Does your dog rush to the door when they notice you putting your shoes on? Do they always seem to know when you’re happy, and rush to your side when you’re upset?
Your dog is always paying attention to your body language, maybe more than you even realize.
Understanding hand signs and gestures is a wonderful addition to your dog’s skillset. You can build upon your dog’s natural fluency in nonverbal communication, and understand one another on a whole ‘nother level.
Why Your Dog Should Know Sign Language
Hand signals can be used anytime your dog cannot hear you. Loud public parks, hiking trails and other noisy areas can make it difficult for your dog to understand your verbal cues.
Deaf dogs are typically taught with hand cues, and even hearing dogs may eventually lose their sense of hearing as they get older.
Sign language can also be a useful skill to have if you have a therapy dog, particularly one who might go to schools or nursing homes that may have deaf or nonverbal children or adults who would love to communicate with your dog without having to use words.
A University of Naples study suggests that dogs are significantly better at understanding gestures than verbal commands. What’s more, when given conflicting cues (being told to “sit” while offering a “lie down” gesture) the dogs consistently obeyed the gesture, not the verbal command.
Dogs must use nonverbal communication to read their doggy peers, so it makes sense that they’re better at picking up hand signals. Of course, you can still use verbal cues, too; it just may be more effective to use a combination of the two to ensure that your dog always understands you.
Universal Dog Training Hand Signals
Do you want your dog to be able to understand most people? This could come in handy if they are ever lost, if you’re raising them as a foster dog, or if you just prefer the universal hand signals.
Images from Dog Training Excellence, a great resource to learn more about positive dog training and behavioural science.
Before you can ask your dog to do anything, you’ll need to be able to get their attention. Teach the “watch me” cue to encourage your dog to make eye contact with you. Teaching this skill makes your dog more apt to check in with you. Use the verbal cue when you’re not within your dog’s line of sight, and use the hand signal in noisy areas.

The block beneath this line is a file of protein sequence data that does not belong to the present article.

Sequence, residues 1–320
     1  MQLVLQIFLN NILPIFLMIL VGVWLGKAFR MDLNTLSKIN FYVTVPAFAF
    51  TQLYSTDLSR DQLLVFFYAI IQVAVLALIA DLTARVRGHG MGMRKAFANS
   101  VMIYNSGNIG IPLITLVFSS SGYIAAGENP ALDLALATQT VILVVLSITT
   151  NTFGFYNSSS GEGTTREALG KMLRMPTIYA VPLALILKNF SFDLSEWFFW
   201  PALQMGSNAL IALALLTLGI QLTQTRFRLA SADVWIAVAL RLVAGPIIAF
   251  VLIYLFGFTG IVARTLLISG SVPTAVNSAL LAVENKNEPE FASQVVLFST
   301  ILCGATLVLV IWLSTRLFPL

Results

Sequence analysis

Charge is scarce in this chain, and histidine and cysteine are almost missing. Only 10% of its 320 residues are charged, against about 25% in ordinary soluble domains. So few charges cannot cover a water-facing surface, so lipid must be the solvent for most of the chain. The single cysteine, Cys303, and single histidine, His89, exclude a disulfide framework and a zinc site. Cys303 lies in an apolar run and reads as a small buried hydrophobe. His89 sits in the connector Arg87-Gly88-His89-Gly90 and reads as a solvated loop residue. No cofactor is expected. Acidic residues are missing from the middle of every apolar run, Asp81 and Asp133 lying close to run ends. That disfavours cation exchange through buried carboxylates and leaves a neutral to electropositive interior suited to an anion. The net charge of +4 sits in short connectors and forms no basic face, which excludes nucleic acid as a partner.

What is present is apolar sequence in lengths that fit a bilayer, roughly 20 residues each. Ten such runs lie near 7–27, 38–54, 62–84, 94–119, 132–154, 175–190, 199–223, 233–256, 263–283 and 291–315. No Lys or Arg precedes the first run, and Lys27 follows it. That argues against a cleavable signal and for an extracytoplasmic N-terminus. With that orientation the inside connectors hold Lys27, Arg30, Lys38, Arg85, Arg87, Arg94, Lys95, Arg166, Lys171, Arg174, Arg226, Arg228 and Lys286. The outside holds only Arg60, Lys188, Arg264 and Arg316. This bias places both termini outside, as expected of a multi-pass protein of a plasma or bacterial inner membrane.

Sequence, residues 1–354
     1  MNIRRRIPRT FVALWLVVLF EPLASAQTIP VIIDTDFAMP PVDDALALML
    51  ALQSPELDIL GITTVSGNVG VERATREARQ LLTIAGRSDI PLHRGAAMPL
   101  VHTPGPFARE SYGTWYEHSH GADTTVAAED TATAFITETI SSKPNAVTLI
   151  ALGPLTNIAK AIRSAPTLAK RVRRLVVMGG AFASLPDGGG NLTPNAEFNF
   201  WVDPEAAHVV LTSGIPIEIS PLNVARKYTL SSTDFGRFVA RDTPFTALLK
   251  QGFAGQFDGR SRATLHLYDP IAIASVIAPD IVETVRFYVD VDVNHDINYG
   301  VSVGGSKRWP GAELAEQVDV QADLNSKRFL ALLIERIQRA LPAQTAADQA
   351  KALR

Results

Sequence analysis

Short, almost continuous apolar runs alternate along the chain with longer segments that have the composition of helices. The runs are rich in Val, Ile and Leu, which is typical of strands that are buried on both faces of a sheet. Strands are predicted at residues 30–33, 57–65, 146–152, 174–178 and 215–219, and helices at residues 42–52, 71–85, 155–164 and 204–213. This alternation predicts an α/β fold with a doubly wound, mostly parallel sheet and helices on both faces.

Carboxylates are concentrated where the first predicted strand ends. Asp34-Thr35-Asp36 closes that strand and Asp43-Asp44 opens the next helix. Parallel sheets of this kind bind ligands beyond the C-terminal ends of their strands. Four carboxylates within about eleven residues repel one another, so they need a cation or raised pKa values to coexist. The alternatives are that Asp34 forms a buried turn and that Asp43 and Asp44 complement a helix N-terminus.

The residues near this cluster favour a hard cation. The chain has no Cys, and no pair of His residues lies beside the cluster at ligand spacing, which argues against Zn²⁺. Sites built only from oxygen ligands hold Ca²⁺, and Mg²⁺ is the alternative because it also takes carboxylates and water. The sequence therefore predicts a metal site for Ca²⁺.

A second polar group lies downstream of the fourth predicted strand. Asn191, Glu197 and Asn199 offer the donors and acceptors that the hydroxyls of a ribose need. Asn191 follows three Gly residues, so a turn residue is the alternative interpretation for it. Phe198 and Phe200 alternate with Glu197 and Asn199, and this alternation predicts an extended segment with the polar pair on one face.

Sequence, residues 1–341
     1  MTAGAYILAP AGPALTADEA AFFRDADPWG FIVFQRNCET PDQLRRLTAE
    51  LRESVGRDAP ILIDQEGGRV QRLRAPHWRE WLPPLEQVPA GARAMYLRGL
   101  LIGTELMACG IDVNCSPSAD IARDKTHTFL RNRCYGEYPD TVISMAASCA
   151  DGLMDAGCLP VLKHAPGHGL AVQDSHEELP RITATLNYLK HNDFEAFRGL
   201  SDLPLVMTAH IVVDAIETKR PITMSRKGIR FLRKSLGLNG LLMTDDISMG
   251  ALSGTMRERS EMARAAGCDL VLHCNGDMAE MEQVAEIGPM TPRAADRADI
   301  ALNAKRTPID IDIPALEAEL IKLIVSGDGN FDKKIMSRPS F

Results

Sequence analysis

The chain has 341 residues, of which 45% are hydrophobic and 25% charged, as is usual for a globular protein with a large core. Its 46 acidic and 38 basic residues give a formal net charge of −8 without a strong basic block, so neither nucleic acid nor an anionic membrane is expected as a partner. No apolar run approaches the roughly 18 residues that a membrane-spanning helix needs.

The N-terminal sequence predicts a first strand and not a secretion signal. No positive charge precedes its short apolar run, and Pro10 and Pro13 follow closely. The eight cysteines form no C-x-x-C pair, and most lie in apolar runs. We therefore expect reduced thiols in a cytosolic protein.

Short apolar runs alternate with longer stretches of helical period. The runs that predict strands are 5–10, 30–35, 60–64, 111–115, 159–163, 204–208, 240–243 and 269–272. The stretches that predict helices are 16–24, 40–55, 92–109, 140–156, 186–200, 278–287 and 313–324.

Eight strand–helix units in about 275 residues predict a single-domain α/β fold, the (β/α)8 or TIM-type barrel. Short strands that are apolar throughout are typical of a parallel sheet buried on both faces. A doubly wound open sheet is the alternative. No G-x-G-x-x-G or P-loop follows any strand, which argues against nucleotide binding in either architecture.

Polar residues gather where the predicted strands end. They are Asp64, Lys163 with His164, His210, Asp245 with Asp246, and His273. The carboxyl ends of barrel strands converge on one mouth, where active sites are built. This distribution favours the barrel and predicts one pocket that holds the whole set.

To teach watch me, just point at your eyes. At first, you might need to use a treat to help train your dog’s gaze. The moment your dog makes eye contact, praise them and give them a reward. Practice watch me every time you have a training session, and at random times throughout the day. See if your dog can make eye contact with you in distracting environments, like a park.
The universal hand signal for “sit” goes like this: hold your hand at your side, palm facing forwards, then bring your hand up as though you’re about to throw something over your shoulder.
To teach “sit” you can place a small treat between your fingers, and let your dog have it once they sit, as you bring up your hand. Luring your dog is an effective way to get your dog’s attention and get them into the correct position, but you shouldn’t depend on it too heavily. Wean off the lure as soon as you can, so your dog learns to watch your hands for directions, rather than always looking for a treat to follow with their nose.
The hand signal for “stay” is about what you’d expect – you put your palm out in front of your dog like a crossing guard. Start with very short intervals, and gradually up the challenge.
The hand signal for “come” is to hold both arms out wide, then bring your palms to your chest. Easy-peasy, right? Work on “come” and “stay” to reinforce a good recall if your dog is ever off-leash.
Work on distance or duration at once, rather than simultaneously, to help set your dog up for success. If your dog gets up too soon, it means you’ve progressed too quickly. Just “reset” your dog into a stay again, then give it another try.
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Some people prefer that their dog only listen to their owner, and may even teach cues in another language, and make up unique hand signals. This is perfectly fine – it’s up to your preference.
American Sign Language Inspired Hand Signals
If you live or work around anyone who is deaf or nonverbal, it can be fun to teach your dog hand signals inspired by American Sign Language.
If your dog knows “speak” try teaching them to bark when you give them the sign for “talk”.
Images from LifePrint.com, a wonderful resource for learning more about American Sign Language.
Also try teaching your dog “eat” by using the eat sign. Just put your fingers together and move them towards your mouth right before giving your dog their meals.
Teach Your Dog To Communicate Nonverbally
Though your dog can’t really learn to do sign language with their paws, you can teach them skills that they can use to communicate with you.
If your dog has accidents, or you just want to make sure they communicate when they need out, it can help to have potty bells hanging from your door that your dog can ring when they need to go outside.
You can also teach your dog to paw at their bowl when they’re hungry – a skill they’ll surely abuse, but you might appreciate it if you tend to lose track of mealtimes. Just wait for your dog to approach their bowl, drop a single piece of food inside, and wait for them to approach it again. They will quickly realize that going near the bowl, and then pawing at it, will prompt you to drop in another piece of food. Be warned, this little skill can turn into an annoying habit, but can be stopped if you simply ignore it.
Learn More With Healthy Houndz!
Ready to learn even more ways to communicate with your dog and teach new skills with the help of positive reinforcement? Get private, in-home dog training for Toronto and North York from Healthy Houndz! Contact us to get started.